STILLWATER (TNS) — Oklahoma Department of Corrections Director Joe Allbaugh has been sounding an alarm on the state of Oklahoma’s corrections system since he took the top corrections job in 2016.


The message he delivered Tuesday at the Osher Lifelong Learning Institute town hall was consistent with that.


He sees a system in crisis, with a ballooning population of aging prisoners who drive up medical costs and understaffed, poorly maintained facilities holding too many people who don’t need to be in prison.


There isn’t enough funding for the types of programs that help inmates successfully transition back into society and avoid re-offending.


“We’re the Department of Warehousing, not the Department of Corrections,” Allbaugh said. “… There is no help in prison. We’re failing these folks.”


Gov. Mary Fallin expressed her concerns about corrections in a February press release announcing recommendations from the Oklahoma Justice Reform Task Force, a group appointed by the governor to do a comprehensive review of the state’s criminal justice system.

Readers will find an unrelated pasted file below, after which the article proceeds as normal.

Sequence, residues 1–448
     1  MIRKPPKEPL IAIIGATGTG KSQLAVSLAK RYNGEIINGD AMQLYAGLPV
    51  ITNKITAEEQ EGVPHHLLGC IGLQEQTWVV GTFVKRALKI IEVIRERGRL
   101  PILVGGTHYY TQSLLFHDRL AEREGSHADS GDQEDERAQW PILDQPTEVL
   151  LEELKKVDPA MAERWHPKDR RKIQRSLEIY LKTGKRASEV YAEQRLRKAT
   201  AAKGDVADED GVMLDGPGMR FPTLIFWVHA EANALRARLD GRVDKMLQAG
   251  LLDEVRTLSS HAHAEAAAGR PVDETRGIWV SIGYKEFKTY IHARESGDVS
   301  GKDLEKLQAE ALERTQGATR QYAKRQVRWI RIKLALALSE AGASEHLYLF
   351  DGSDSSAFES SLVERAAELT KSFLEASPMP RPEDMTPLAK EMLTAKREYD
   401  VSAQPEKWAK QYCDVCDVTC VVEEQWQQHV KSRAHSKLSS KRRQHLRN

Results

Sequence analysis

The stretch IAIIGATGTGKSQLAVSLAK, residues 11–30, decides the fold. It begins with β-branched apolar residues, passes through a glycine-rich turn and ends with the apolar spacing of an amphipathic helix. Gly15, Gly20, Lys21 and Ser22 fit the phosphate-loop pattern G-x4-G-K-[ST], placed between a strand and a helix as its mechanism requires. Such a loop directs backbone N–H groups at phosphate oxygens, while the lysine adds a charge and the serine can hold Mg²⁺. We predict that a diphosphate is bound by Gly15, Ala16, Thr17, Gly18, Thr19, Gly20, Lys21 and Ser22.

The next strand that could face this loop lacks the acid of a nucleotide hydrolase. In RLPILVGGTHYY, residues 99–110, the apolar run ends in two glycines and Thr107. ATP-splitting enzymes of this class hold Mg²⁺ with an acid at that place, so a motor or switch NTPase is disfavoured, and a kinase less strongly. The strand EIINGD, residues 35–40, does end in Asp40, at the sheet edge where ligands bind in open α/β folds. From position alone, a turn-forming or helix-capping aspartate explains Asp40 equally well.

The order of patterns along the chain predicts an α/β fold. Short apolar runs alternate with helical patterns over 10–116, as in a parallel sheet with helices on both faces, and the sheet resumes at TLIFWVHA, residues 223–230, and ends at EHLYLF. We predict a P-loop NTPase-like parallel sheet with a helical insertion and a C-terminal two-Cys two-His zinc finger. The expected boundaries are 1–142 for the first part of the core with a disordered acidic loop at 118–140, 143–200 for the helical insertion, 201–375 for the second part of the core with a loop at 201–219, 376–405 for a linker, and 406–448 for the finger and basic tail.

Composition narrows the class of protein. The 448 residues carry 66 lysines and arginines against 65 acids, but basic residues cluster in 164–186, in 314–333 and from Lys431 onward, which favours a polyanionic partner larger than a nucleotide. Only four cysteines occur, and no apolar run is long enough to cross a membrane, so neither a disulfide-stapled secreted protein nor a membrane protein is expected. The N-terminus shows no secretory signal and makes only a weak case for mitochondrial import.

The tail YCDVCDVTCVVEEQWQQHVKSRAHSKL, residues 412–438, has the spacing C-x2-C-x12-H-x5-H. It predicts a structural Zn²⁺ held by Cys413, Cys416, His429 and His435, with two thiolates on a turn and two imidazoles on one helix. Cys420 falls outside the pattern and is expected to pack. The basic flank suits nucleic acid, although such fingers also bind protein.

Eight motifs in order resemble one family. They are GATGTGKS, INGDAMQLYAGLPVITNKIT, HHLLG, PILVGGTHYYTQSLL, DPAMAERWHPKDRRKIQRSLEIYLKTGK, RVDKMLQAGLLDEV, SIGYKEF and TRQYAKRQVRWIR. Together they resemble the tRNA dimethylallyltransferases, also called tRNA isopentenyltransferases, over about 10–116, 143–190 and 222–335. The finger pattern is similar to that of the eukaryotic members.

Its conclusions were meant to serve as the basis for criminal justice reform legislation that would keep Oklahomans safe while reducing recidivism and controlling corrections costs.


Allbaugh said he hasn’t seen any progress on that front from the Oklahoma legislature, but that isn’t the only problem the corrections system faces.


Allbaugh said he would classify only 6 percent of Oklahoma’s prisoners as “convicts”, meaning dangerous, hardened criminals who must be in prison to protect society. He calls the remaining 94 percent “inmates” and says many of them could be better served at lower cost through other types of programs.


“These are people who shouldn’t be in here,” he said. “… They’re people we’re mad at for some reason.”


Unless the state implements reforms, he foresees the prison population continuing to rise. The projection he presented shows Oklahoma’s prison population of 28,580 growing to 35,798 within ten years.


When a town hall participant asked what people can do about the problem, Allbaugh suggested they contact their legislators with this blunt suggestion: “Tell them to get off their duffs and make the tough decisions.”